A major election systems vendor on Thursday announced steps to boost the security of its products, just one day after lawmakers raised concerns that the company is not doing enough to safeguard itself from hackers. Election Systems and Software (ES&S), which is the third largest election system vendor in the U.S., announced it will work more closely with the Department of Homeland Security (DHS) and Information Sharing and Analysis Centers (ISAC) in an effort to increase security of its systems ahead of the 2018 midterm elections. The company in a press release said it has formed “new partnerships with multiple DHS offices that include its key cyber office known as the National Protection and Programs Directorate (NPPD) as well as the National Cybersecurity Assessment and Technical Services (NCATS).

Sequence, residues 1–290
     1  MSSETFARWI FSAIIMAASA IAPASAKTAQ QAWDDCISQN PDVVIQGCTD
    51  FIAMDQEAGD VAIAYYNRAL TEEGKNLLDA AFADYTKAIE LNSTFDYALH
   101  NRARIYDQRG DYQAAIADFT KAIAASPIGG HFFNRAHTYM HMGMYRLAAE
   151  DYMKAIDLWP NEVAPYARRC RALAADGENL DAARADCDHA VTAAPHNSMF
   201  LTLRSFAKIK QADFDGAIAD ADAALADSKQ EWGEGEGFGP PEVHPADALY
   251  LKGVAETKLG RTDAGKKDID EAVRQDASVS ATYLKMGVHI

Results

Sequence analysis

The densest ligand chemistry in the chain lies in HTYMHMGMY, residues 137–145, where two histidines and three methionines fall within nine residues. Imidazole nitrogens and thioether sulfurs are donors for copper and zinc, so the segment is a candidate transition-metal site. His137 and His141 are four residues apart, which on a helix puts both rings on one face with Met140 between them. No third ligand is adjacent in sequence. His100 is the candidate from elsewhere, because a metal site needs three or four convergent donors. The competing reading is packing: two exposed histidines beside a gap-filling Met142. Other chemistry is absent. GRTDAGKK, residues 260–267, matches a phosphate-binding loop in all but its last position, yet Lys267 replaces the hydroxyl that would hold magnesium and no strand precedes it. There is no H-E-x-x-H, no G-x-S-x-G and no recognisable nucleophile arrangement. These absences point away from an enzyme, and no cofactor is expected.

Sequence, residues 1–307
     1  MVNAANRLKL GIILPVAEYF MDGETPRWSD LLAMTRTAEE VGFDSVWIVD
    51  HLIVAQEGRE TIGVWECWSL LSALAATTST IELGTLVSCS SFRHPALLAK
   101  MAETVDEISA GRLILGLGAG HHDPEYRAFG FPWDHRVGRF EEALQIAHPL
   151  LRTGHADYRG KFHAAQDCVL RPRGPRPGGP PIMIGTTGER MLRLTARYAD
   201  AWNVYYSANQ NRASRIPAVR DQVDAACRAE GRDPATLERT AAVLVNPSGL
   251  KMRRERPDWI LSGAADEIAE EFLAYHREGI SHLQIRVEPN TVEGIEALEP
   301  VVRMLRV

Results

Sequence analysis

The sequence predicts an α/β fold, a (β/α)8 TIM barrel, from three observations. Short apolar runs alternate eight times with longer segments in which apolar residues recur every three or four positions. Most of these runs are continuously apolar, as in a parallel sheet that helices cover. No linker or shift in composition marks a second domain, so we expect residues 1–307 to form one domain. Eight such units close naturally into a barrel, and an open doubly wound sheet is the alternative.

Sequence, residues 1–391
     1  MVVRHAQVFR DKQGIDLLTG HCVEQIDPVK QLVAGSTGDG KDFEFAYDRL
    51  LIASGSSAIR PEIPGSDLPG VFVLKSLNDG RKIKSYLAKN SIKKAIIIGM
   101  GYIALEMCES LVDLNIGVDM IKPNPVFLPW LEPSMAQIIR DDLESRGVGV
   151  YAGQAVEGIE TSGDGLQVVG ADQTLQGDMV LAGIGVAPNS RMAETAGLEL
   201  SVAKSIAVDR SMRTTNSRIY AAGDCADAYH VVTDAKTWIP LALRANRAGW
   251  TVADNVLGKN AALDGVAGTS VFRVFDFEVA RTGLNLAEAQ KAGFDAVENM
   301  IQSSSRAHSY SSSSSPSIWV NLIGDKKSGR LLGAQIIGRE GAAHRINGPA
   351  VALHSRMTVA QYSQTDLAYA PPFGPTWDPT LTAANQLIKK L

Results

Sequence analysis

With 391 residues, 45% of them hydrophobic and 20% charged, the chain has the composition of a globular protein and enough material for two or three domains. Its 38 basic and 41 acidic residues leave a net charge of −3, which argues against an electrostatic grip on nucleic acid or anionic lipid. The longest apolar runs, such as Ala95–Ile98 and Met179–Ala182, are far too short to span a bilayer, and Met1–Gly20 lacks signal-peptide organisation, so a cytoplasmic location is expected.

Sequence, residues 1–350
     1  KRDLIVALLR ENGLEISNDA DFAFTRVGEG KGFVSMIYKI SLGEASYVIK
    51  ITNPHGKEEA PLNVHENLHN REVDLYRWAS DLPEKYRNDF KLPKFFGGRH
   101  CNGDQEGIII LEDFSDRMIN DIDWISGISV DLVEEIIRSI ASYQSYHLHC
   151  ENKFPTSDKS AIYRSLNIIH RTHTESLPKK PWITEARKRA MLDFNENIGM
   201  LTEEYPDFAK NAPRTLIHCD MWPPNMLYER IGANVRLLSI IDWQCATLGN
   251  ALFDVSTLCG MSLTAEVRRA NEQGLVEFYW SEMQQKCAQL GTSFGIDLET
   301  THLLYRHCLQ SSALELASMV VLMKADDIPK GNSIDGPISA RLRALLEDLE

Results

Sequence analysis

… The press release comes just one day after a bipartisan group of lawmakers on the Senate Intelligence Committee raised concernsWednesday about ES&S election voting systems, questioning whether they are doing enough to secure its systems as well as expressing disappointed that the company has not agreed to undergo independent testing to determine the security level of its systems.
“We are concerned that ES&S and other election system providers may not be prepared for the growing threats to our elections,” Senate Intelligence Committee Vice Chairman Mark Warner (D-Va.) and Sens. Susan Collins (R-Maine), James Lankford (R-Okla.), and Kamala Harris (D-Calif.) wrote in a letter to the company.
The senators had criticized ES&S for its refusal to allow independent testing of its systems at the popular annual DEFCON convention, where hackers attempted to find ways to exploit voting technology.